The Ugandan government has been urged to stop supporting Genetically Modified food (GMO) but rather channel their support to small scale farmers.
The AgroEcology Fund and Alliance for Food Sovereignty in Africa (Afsa) who are anti-GMO have argued on the basis of the capacity of local small-scale farmers to feed the entire world organic food.
The organization wants Uganda as well as other Africans to take the lead in the global production of food.
“It is only Africa that can solve African food shortage problems and Uganda should take the lead; the National Bio-technology and Bio-safety Bill is simply seeking to give rights of food production to foreign countries,” Bernard Guri, the chairperson of Afsa said.
Guri made these statements at the recent global AgroEcology movement in Masaka. He added that GMOs only benefit foreign countries and not Africa.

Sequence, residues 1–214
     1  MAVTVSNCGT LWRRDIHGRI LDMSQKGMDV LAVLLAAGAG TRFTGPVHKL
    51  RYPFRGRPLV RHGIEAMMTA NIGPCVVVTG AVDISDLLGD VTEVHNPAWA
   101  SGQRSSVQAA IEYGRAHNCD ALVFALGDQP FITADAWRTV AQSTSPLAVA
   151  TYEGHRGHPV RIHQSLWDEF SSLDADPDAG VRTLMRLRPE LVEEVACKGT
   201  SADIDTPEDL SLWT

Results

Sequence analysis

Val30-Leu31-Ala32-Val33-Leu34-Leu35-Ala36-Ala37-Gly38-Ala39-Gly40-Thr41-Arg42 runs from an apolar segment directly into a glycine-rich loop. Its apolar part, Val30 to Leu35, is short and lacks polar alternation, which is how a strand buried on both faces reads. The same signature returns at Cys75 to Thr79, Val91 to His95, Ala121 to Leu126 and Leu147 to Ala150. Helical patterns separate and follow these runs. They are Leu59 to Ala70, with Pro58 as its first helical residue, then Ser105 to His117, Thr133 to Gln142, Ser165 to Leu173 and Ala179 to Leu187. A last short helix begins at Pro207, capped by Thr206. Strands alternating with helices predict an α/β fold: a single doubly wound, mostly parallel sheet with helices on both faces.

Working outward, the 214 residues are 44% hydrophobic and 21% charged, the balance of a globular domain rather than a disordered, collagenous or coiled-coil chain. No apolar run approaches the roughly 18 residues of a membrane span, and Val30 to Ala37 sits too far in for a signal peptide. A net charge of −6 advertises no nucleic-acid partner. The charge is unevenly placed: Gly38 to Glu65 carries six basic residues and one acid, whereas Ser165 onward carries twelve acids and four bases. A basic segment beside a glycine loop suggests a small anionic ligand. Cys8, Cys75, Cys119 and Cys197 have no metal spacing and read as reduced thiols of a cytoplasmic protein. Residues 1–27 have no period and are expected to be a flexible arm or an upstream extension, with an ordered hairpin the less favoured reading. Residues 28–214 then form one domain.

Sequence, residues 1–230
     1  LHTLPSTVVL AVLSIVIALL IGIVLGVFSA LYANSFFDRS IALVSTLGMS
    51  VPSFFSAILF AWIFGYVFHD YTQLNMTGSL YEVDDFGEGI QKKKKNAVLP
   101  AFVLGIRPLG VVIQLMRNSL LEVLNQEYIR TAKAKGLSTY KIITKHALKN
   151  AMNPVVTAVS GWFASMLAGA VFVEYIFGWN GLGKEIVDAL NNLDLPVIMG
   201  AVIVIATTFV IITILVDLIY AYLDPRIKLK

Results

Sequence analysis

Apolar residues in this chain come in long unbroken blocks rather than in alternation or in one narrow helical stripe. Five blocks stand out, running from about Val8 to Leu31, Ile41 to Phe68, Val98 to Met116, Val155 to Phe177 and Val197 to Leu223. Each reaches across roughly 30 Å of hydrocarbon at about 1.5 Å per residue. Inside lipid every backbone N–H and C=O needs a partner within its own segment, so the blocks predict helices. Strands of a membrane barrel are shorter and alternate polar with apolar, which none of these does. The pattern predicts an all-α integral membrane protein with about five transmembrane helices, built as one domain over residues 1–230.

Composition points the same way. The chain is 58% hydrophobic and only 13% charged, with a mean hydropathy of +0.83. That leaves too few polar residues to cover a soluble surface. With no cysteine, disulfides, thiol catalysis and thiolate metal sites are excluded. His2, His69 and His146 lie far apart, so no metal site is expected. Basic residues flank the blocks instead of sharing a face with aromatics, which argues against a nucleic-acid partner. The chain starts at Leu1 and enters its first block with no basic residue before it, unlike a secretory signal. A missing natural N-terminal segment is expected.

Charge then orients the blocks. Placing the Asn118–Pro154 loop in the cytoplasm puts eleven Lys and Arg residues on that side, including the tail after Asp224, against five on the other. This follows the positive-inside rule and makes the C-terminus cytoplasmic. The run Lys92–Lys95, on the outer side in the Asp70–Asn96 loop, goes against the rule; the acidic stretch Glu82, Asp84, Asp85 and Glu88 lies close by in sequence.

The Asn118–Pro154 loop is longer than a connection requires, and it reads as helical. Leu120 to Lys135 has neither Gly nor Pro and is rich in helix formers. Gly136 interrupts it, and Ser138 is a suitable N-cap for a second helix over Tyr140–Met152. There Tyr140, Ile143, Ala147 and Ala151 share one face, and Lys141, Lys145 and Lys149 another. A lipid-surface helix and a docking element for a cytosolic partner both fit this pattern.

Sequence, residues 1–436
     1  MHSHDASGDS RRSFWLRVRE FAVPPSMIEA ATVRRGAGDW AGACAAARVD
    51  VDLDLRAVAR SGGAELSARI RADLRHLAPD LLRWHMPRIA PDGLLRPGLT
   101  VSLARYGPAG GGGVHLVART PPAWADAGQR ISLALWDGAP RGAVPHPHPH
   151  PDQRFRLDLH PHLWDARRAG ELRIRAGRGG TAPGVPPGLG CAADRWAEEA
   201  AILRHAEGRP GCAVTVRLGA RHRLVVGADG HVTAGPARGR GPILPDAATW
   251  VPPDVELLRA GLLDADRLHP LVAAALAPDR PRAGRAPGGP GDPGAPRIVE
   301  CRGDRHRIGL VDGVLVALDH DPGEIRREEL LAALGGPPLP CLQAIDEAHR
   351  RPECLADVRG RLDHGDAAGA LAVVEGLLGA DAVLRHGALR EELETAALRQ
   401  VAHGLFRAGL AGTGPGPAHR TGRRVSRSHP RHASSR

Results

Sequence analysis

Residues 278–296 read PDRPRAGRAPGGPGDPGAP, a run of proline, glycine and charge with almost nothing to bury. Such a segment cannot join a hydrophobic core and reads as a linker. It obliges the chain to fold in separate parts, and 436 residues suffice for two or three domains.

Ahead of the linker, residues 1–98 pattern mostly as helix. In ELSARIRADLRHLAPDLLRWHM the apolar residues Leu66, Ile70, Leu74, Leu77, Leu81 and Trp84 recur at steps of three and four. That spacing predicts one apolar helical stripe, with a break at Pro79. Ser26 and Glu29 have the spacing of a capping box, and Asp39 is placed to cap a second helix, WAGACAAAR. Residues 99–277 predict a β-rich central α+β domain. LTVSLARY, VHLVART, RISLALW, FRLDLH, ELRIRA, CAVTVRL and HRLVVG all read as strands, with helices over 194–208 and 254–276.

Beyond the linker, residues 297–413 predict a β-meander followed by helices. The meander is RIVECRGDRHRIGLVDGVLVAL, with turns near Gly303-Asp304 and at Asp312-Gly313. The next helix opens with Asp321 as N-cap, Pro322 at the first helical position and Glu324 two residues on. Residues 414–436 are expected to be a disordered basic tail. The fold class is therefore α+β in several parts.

“Foreign scientists use that opportunity to develop their own genetically-modified seeds which we don’t own,” he said. “We still have forests, water resources; we still can commercialize the native seeds.”
He also criticized the 2012 National Bio-technology and Bio-safety Bill stating that if it’s passed into act will allow for the use of GMOs in the country.
A member of ETC group, Pat Mooney who is also anti-GMO added that Uganda does not possess the right technology to sustain GMOs. He claimed that some GMO foods such as maize are not edible but are used for biofuels and some of them can lead to genetic alteration in the consumer.
The Ugandan National Biotechnology and Biosafety Bill, 2012 has been in parliament for more than three years.
The bill which entail providing for development and general release of GMOs as well as provision for a regulatory framework to facilitate safe development and application of biotechnology.